be ‧ come S1 W1 /bɪˈkʌm/ BrE AmE verb ( past tense became /-ˈkeɪm/, past participle become )
[ Language: Old English ; Origin: becuman 'to come to, become' , from cuman 'to come' ]
1 . [linking verb] to start to have a feeling or quality, or to start to develop into something:
The weather became warmer.
Slowly my eyes became accustomed to the darkness.
Helen became increasingly anxious about her husband’s strange behaviour.
Pollution from cars has become a major problem.
2 . [linking verb] to start to have a job or position:
George became king at the age of 54.
When did you first want to become a teacher?
3 . [transitive not in progressive] formal to be suitable for someone, or to look attractive on them SYN suit :
Blue really becomes her.
Don’t try to be clever – it doesn’t become you.
4 . what became of ...?/whatever will become of ...? used to ask what has happened to someone or something, especially when you have not seen them for a long time, or what will happen to someone that you are worried about:
What became of those Chinese vases that Mum used to have?
Whatever will become of Sam when his wife dies?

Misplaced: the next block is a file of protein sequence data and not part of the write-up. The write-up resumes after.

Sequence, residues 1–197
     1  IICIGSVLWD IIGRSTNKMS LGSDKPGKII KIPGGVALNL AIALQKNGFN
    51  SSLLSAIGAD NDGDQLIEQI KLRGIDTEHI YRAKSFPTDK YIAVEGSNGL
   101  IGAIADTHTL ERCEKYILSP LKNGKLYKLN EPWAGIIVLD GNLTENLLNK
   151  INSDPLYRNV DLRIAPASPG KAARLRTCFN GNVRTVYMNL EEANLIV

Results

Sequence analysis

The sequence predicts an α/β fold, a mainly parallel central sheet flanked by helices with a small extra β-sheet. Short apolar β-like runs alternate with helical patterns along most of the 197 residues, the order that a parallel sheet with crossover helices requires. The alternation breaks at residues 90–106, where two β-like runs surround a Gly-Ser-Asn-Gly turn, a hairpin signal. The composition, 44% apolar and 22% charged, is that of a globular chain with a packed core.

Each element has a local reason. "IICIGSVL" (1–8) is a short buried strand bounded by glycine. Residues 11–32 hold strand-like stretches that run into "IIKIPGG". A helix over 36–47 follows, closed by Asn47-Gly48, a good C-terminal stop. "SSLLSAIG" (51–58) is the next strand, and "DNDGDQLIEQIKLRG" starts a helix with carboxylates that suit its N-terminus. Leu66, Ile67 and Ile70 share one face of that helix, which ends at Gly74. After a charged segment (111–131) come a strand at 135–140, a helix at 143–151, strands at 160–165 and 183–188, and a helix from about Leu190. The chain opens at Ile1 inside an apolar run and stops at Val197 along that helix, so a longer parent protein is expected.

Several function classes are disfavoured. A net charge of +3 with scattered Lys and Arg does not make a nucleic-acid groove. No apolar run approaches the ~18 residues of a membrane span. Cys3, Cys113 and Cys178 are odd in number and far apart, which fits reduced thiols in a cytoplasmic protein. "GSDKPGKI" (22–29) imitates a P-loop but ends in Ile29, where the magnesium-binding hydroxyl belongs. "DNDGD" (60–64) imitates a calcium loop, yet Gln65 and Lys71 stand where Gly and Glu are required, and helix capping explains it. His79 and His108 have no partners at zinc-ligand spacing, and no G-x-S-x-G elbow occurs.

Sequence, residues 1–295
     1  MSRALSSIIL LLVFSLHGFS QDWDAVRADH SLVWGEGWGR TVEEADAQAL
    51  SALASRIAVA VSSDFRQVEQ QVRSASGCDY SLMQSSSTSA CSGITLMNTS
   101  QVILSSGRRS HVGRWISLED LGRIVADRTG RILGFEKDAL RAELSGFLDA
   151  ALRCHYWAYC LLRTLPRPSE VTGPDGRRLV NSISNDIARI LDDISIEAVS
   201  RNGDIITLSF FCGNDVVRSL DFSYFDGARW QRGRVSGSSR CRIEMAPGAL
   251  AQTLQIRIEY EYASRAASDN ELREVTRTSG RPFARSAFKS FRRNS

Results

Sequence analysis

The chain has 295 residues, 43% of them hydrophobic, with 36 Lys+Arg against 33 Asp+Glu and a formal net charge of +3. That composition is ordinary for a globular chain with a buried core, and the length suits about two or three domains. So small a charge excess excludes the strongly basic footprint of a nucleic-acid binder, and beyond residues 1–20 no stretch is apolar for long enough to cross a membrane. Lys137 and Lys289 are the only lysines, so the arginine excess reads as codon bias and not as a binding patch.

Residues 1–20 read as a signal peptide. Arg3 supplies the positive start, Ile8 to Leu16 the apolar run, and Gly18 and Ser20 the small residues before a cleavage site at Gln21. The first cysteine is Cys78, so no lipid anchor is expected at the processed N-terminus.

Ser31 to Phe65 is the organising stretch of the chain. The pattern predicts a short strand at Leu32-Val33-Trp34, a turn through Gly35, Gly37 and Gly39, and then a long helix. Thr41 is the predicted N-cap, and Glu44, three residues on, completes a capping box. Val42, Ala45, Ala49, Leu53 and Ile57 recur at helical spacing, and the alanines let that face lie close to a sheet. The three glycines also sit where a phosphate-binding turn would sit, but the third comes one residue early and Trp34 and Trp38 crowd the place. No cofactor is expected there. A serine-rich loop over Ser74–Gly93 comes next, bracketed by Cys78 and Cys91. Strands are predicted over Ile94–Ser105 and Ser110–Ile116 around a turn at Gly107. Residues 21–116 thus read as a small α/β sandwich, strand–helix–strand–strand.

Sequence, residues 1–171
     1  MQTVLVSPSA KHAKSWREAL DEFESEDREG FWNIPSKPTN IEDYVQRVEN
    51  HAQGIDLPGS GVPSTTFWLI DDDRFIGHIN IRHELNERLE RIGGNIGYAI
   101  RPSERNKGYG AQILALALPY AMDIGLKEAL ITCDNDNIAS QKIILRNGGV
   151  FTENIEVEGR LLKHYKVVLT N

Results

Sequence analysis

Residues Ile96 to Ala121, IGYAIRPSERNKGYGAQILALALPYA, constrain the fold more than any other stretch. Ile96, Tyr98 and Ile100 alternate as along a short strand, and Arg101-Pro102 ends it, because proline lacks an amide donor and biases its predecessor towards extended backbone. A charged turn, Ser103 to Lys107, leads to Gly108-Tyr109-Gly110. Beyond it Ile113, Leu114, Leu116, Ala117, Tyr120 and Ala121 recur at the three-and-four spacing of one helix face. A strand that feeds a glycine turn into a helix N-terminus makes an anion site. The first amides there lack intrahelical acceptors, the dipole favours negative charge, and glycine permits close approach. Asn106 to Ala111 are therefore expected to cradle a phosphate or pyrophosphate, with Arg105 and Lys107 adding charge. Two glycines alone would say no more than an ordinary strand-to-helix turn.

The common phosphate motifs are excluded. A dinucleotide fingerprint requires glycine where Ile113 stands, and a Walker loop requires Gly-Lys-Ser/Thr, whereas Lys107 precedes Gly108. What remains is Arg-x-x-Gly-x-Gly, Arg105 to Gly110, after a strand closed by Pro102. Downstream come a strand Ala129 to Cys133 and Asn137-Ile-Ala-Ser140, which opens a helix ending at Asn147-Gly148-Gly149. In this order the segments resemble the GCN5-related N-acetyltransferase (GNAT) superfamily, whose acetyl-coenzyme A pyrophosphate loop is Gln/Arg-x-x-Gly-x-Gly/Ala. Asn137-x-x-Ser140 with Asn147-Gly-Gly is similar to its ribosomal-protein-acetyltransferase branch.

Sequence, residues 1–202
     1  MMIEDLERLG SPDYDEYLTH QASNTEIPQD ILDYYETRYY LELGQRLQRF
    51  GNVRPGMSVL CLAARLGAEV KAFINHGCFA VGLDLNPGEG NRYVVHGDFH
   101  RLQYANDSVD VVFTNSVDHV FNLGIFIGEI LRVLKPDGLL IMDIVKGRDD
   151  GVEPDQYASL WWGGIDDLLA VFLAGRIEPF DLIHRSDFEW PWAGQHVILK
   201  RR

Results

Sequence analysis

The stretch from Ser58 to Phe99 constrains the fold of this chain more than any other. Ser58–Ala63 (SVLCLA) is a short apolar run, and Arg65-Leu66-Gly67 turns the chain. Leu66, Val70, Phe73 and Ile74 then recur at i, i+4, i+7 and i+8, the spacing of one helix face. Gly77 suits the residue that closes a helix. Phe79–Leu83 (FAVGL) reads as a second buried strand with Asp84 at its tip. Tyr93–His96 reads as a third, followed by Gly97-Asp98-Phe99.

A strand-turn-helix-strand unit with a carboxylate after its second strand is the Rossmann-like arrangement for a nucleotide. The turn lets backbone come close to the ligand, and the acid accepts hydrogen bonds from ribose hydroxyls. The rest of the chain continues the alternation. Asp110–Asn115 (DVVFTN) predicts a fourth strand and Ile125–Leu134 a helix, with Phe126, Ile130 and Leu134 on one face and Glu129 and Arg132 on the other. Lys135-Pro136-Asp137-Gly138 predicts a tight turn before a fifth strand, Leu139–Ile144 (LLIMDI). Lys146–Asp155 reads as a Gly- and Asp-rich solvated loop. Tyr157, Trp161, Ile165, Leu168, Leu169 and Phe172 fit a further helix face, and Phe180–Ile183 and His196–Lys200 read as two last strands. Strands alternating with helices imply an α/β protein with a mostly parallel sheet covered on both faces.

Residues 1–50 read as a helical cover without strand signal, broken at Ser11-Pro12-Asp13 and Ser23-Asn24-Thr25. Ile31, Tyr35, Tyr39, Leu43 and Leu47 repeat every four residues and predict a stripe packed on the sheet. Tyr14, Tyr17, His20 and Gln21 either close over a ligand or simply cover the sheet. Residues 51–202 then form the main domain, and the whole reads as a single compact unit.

• • •
▪ become to start to have a feeling or quality, or to start to develop into something:
His parents became worried when he was late home from school.
Violent crime is becoming a major problem.
She became more confident when she joined a drama group.
▪ get to start to have a feeling or quality. Get is less formal than become and is much more commonly used in everyday English:
I was getting very tired.
Make sure you’re home before it gets dark.
▪ go to become something – used about things becoming a different colour, or things or people becoming worse in some way:
Her hair was going grey.
He went blind.
I think I’m going mad.
▪ turn to become something – used about things becoming a different colour, or the weather or people’s behaviour changing:
The water had turned bright green.
The weather is expected to turn cold again.
He suddenly turned nasty.
▪ grow especially written to gradually become something:
People were growing impatient.
The rich grew richer.
▪ come undone/loose/apart to become undone, loose, or separated into pieces:
The screws had come loose.
▪ change into something to become something completely different:
The caterpillar changed into a beautiful butterfly.